• L – LOCATION (spatial context): poor/rich countries; rural/urban areas;
  • tropical/temperate; land/air/sea; marine/terrestrial/atmospheric
  • I – ISSUES (factors): positive/negative, advantages/disadvantages, costs/benefits,
  • human/physical, environmental, social, cultural, demographic, political,
  • economic, geographic
  • S – SCALE: global, regional, international, national, sub-national, local
  • T – TIME: long-term/medium-term/short-term; past/present/future; contemporary/recent/current
(note that some of the items in the L.I.S.T. may not be relevant to the essay)

Step 5: Brief introduction (3-5 lines)

A good introduction must be brief and include the following 3 elements:
  1. Define the key words of the title (e.g. "globalization", "information technology", "megacity")
  2. Formulate the question: use or rephrase the essay title, suggest possible sub-questions which may be relevant to the essay
  3. Announce the structure/plan that will be used to answer the question: however do NOT "conclude" by giving away your key arguments in the introduction. Rather, indicate the path you'll follow (e.g. "we will first examine this aspect, then evaluate this this aspect, and finally look into this aspect")
Skip 3-4 lines after the introduction so that there is no doubt for the reader that you are know beginning the body of the essay.
Assessment Plan
  1. Thesis (pros)
  2. Antithesis (cons)
  3. Synthesis (conclusion)
Thematic Plan
  1. Aspect / Theme #1
  2. Aspect / Theme #2
  3. Aspect / Theme #3
Comparative Plan
  1. Similarities
  2. Differences
  3. Correlation / Interaction
Analytical Plan
  1. Causes
  2. Consequences / Impact
  3. Limits
Typological Plan
  1. Description
  2. Factors of change
  3. Spatial typology (different types of regions, with a map if possible)
Annotated maps and diagrams are expected for any essay-like or extended response and in the Fieldwork (wherever appropriate):
  • Paper 1 - Section B
  • Paper 2 - Last question of each of the exercises
  • Paper 3 - Part A and part B
  • Fieldwork - Section 3 (analysis and treatment of data)
Annnotated maps and diagramsMUST feature the following elements:
  • Title
  • Key
  • Annotations explaining, elaborating or emphasizing particular features
  • Scale and orientation (for maps, particularly in the Fieldwork)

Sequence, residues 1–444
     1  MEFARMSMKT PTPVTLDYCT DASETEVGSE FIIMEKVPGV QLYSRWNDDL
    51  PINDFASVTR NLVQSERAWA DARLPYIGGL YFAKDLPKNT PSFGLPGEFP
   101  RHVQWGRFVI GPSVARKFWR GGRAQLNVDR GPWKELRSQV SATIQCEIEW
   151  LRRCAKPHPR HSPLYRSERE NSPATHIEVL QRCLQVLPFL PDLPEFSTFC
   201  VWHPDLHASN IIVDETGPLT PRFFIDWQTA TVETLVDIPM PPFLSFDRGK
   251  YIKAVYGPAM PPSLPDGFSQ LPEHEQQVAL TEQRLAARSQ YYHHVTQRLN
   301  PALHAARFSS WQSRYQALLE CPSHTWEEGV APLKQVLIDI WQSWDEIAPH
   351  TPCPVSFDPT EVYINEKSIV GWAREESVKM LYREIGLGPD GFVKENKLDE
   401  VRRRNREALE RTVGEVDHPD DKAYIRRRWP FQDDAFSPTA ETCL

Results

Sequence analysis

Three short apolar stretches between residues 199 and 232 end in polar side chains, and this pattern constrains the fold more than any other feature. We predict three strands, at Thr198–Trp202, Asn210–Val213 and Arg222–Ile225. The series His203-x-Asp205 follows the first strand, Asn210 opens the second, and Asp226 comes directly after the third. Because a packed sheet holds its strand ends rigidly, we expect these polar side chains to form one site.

• Clarity + legibility

Content of this article

  1. Outline sample
  2. Introduction writing
  3. Body writing
  4. Conclusion writing
  5. Topic List

How To Write Essay About Geography

A geography essay is an article that explains the appearance and existence of phenomena like physical features and some human-made features. It tries to explain how natural resources like rivers, mountains, and valleys came into existence. It also explains their significance. Most students have a difficult time writing papers on geography due to its complexity. This article is meant to improve your essay on geography writing skills. As most students do not know how to start a geography essay, below is a geography essay outline.  This paper is a guide on how to write a geography essay.

Geography essay structure and outlining

Outline Sample

Introduction

The study of geography is far and wide.  There two broad areas; natural and human-made. This essay on geography will focus on how human activities like industrialization and farming have affected nature.

Thesis statement

Over the years, climate change has been a topic of discussion as a bomb waiting to explode.  Industrialization has led to a shift in climate due to the emission of CFOs that have resulted in global warming. The effects of climate change can be felt in its different capacities. By 2020, the effects of global warming will be so severe that the earth will almost be inhabitable.

  1. Global warming has led to the expansion of deserts. Deserts such as the Sahara and the Kalahari have become drier and expanded due to lack of rain in the surrounding areas.
  2. Melting of glaciers- the Arctic and the Antarctic have experienced a reduction in their ice mass due to global warming. The ice is gradually melting.
  3. Mutations of animals- due to the effects of global warming, animals have begun mutating, therefore, becoming more resistant.

Conclusion

Human beings have contributed to the change in climate, yet the more technology moves forward, the more the damage is likely to be in future. We need to derive a method of keeping the air, water, and soil pollution free.

With this outline for a geography essay, it is easier to see the essay tackles.

Tips concerning introduction writing

There are many tips on geography essay writing to guide you through your paper. This section highlights some of the simple tips for introduction writing that one can use.